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Chapter 30. Induction and Inductance What is Physics? Two Experiments Faraday's Law of Induction Lenz's Law Induction and Energy Transfers Induced Electric Fields Inductors and Inductance Self-Induction Energy Stored in a Magnetic Field Energy Density of a Magnetic Field Mutual Induction

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What is Physics? Can a magnetic field produce an electric field that can drive a current?

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Relative motion between a magnet and a coil Changing the area of a coil

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Conductor moving in the magnetic field the number of magnetic field lines that pass through the loop is changing.

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The current in the coil induced by a changing magnetic field or changing the area of a coil methods is called an induced current. A closed circuit is necessary for the induced current to flow. The emf produced in the coil which drives the induced current is called the "induced emf". The induced emf exists whether or not the coil is part of a closed circuit. The phenomenon of producing an induced emf with the aid of a magnetic field is called electromagnetic induction.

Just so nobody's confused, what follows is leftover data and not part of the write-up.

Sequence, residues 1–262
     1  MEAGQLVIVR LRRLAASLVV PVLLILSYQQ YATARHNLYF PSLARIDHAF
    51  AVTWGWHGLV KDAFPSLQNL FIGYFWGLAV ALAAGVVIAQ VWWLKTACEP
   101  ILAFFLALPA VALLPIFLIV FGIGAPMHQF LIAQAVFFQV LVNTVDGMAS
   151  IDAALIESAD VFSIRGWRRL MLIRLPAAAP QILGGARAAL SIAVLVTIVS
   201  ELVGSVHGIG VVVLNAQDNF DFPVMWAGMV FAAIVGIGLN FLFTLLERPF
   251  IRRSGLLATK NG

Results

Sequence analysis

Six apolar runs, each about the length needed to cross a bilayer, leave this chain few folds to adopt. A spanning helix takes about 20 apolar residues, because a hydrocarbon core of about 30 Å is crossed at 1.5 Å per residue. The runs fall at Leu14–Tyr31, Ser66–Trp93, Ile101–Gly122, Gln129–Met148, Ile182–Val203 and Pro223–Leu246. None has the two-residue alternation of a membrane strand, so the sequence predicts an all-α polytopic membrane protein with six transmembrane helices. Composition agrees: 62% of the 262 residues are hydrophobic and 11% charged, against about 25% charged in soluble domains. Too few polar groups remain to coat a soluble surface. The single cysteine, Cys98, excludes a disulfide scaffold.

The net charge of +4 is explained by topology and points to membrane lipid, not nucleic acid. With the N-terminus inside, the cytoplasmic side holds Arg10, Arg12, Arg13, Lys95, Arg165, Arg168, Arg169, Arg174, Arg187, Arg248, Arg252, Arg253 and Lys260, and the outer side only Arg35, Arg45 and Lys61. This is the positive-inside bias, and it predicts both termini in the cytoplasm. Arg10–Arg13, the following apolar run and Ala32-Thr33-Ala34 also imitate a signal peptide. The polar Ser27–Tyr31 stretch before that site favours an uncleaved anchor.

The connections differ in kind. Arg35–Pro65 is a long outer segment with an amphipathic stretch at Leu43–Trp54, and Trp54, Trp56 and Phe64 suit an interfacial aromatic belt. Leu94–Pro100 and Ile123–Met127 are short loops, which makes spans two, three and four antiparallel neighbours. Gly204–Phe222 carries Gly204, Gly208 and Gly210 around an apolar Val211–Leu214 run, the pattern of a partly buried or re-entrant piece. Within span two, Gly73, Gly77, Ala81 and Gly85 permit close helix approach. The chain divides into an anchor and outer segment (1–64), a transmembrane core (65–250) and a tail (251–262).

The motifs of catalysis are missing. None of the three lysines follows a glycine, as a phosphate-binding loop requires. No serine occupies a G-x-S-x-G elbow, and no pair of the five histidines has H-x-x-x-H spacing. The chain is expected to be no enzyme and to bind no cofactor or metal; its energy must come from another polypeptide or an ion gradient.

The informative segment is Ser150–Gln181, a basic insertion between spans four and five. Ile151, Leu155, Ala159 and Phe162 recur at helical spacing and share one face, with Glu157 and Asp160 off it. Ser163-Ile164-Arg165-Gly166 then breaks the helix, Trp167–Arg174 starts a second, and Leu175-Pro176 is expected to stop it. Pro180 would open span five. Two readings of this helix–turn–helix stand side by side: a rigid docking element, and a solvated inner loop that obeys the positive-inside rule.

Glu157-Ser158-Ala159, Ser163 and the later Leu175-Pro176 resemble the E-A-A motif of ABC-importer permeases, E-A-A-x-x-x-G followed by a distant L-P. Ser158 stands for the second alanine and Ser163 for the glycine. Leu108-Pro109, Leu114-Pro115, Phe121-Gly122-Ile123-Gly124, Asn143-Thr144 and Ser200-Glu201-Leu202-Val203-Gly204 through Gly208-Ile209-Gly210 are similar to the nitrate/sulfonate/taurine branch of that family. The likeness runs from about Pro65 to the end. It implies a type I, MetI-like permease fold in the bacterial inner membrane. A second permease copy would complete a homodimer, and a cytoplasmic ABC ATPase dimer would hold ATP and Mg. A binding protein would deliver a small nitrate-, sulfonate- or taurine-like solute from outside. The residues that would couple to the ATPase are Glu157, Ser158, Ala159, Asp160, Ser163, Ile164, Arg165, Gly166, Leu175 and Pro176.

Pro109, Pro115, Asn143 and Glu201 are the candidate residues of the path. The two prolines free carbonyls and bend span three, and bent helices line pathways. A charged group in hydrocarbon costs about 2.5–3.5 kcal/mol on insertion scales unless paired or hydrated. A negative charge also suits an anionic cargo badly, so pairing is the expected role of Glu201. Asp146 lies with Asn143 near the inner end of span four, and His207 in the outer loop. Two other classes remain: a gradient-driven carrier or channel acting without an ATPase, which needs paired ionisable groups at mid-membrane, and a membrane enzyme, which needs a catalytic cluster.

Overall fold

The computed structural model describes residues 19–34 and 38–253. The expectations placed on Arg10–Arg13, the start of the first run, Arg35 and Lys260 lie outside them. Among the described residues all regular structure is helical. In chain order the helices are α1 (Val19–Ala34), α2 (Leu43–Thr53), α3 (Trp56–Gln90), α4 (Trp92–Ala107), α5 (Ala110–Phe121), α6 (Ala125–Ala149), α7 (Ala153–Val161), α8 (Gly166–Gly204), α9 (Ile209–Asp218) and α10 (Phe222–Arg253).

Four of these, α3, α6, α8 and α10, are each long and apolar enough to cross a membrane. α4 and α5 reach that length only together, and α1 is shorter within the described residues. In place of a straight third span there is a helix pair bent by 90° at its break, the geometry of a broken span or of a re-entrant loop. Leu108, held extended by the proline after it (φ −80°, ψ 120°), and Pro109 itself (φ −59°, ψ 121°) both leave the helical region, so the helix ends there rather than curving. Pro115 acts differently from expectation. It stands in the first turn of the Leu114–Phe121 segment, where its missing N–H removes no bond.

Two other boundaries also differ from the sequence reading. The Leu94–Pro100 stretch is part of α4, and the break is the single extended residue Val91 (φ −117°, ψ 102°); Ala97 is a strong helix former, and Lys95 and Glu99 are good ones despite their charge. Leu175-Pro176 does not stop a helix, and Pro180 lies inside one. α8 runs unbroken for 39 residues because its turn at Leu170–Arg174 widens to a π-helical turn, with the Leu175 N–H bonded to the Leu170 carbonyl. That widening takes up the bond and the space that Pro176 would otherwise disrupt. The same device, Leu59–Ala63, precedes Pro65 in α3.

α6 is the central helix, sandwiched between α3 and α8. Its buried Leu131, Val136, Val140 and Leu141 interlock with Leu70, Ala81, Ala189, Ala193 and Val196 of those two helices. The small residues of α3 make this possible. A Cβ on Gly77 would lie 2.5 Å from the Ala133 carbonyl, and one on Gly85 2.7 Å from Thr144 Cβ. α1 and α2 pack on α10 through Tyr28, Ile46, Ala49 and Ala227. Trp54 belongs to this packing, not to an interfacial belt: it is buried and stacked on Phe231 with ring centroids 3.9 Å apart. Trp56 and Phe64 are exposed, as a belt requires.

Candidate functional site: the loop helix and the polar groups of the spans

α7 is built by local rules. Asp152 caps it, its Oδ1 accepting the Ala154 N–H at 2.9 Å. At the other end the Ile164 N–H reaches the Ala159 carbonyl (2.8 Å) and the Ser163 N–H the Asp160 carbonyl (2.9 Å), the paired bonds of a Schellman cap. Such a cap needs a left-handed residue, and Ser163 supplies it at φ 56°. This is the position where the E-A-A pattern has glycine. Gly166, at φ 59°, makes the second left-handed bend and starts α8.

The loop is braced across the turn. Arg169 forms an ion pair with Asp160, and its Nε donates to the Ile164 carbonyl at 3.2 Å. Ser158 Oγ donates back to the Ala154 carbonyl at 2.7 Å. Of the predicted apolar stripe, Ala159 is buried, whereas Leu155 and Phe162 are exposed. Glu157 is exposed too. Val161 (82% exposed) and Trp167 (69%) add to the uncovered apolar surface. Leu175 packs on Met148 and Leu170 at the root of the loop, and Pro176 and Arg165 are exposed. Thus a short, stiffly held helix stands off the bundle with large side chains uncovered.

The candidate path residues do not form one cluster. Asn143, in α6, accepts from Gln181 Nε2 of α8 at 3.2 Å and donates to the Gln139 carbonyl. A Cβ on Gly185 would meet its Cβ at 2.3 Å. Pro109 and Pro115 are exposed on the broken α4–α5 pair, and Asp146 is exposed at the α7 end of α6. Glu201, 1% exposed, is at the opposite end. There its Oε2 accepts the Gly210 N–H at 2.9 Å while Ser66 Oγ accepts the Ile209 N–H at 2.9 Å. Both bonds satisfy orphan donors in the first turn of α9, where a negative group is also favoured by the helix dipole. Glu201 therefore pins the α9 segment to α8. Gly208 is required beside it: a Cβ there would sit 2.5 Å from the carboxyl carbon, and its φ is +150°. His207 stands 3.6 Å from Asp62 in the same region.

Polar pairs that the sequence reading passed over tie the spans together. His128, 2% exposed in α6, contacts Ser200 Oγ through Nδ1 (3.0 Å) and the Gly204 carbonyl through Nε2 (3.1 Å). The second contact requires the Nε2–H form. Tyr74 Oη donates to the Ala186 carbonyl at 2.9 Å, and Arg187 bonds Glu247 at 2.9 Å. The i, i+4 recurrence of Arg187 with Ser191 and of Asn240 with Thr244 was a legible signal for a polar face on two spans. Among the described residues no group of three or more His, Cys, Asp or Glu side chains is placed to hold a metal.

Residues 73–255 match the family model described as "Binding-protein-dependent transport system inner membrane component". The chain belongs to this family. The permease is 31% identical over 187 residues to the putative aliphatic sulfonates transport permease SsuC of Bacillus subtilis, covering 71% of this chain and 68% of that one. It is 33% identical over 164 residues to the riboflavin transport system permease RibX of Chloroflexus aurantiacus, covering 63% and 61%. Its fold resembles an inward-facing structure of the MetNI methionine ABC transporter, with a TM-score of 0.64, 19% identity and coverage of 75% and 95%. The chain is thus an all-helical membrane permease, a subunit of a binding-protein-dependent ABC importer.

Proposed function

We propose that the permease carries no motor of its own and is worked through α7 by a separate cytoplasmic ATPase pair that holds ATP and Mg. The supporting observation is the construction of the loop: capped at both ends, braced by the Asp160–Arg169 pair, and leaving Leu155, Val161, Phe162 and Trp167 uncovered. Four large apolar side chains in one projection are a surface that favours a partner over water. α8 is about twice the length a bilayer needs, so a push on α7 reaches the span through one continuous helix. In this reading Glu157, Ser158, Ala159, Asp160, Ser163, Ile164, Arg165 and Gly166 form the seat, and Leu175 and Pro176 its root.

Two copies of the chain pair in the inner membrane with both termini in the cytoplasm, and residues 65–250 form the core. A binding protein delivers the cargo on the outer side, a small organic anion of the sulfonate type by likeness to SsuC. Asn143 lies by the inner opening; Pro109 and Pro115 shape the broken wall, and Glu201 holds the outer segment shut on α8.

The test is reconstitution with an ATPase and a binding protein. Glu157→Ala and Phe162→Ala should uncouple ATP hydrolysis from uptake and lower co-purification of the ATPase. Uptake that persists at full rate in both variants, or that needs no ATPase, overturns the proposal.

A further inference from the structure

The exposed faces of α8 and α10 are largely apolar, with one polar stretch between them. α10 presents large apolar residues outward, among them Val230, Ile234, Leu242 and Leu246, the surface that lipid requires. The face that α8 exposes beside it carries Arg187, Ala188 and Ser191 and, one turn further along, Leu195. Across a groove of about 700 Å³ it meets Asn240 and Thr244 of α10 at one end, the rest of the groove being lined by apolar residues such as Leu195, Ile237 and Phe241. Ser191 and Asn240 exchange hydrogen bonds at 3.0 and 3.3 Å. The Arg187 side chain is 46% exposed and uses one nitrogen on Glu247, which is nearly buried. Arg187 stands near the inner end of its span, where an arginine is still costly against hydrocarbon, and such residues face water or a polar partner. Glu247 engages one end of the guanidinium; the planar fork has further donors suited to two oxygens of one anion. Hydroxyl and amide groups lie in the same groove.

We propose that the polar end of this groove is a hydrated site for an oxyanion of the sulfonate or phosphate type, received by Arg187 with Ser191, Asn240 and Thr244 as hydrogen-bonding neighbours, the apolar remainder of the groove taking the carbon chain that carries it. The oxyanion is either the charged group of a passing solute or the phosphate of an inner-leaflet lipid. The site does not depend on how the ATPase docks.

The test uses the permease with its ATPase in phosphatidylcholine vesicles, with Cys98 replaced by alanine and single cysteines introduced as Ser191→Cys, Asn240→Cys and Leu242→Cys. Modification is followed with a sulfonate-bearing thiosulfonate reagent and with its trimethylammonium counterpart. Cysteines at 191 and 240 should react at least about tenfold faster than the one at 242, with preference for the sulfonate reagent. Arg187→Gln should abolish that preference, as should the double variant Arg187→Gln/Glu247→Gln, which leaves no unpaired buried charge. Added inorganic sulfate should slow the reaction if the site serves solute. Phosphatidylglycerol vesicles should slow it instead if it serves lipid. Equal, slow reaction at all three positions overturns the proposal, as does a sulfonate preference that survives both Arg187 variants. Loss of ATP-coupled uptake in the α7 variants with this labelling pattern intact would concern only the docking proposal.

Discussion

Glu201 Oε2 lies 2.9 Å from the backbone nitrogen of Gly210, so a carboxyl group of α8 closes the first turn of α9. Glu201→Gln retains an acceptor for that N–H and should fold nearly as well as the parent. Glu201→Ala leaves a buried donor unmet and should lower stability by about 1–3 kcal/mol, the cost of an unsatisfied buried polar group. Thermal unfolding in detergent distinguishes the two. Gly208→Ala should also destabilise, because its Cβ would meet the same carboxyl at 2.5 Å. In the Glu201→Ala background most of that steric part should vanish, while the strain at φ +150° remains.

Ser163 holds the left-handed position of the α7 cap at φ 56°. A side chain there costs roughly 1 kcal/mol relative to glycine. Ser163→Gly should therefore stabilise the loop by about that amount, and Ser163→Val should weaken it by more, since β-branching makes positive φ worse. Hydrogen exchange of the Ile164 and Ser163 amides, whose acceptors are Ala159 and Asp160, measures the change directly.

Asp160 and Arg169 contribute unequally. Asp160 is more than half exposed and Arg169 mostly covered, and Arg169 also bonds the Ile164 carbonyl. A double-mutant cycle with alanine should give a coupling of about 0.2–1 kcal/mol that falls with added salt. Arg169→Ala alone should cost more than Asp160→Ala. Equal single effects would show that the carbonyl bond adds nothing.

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What is the cause of induced emf? The number of magnetic field lines that pass through the loop is changing. The faster the number of magnetic field lines that pass through the loop changes, the greater the induced emf

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MAGNETIC FLUX This unit is called a weber (Wb), after the German physicist Wilhelm Weber: 1 Wb = 1 T· m 2

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Example. Magnetic Flux A rectangular coil of wire is situated in a constant magnetic field whose magnitude is 0.50 T. The coil has an area of 2.0 m 2. Determine the magnetic flux for the three orientations, ϕ =0°, 60.0°, and 90.0°, shown in Figure.